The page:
The Unresolved Spaces of Diasporic Desire: An Interdisciplinary Critique of Haruko Okano’s Work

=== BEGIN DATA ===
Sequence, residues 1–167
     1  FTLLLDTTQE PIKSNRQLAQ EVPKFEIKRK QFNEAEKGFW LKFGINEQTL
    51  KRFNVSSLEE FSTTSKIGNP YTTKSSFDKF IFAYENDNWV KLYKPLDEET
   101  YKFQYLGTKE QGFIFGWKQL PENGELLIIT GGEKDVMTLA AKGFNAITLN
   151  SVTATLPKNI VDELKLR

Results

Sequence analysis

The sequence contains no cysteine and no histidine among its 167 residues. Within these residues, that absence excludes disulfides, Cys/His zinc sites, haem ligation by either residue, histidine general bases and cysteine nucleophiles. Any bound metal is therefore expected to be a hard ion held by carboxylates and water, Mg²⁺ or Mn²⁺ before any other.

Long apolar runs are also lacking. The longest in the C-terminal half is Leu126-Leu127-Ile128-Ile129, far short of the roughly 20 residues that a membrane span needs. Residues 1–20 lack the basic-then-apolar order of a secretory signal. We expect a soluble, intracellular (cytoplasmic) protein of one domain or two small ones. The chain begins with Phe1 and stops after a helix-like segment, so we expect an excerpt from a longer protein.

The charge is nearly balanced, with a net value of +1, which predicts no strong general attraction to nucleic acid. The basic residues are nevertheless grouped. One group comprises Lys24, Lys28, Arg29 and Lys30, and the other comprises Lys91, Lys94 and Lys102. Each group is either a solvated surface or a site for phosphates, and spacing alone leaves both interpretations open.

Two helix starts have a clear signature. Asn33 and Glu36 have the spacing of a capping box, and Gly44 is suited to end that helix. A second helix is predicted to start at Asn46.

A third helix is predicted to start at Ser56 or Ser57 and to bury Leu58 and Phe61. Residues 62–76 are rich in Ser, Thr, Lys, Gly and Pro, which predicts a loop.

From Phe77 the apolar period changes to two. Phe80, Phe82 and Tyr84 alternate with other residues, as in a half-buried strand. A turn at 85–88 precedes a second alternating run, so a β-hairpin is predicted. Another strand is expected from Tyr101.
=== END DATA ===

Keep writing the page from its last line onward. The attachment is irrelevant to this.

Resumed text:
AbstractThis article explores, through the analysis of recent Asian Canadian critical and creative work, the unresolved nature of diasporic modes of cultural production in contemporary Canada. It starts by offering a metacritical discussion of Asian Canadian literary scholarship, with a focus on those works that define the field in terms of the quandary between resistance to various modes of cooption and the residual desire to belong. The second part of the article proposes an interdisciplinary critique of the poet and multimedia artist Haruko Okano’s work as providing an instance of these contradictions, as well as exemplifying the potential of creative practices to provide answers to critical and theoretical impasses. Okano’s disconcerting writing and artwork have invariably revolved around the unresolved condition of cultural hybridity, often betraying the traps as well as the possibilities of the search for modes of expression that fall outside normativity. Her production may thus be read metacritically, in that it thematizes and speaks to the theoretical debates that surround the condition of the diasporic subject in Canada.
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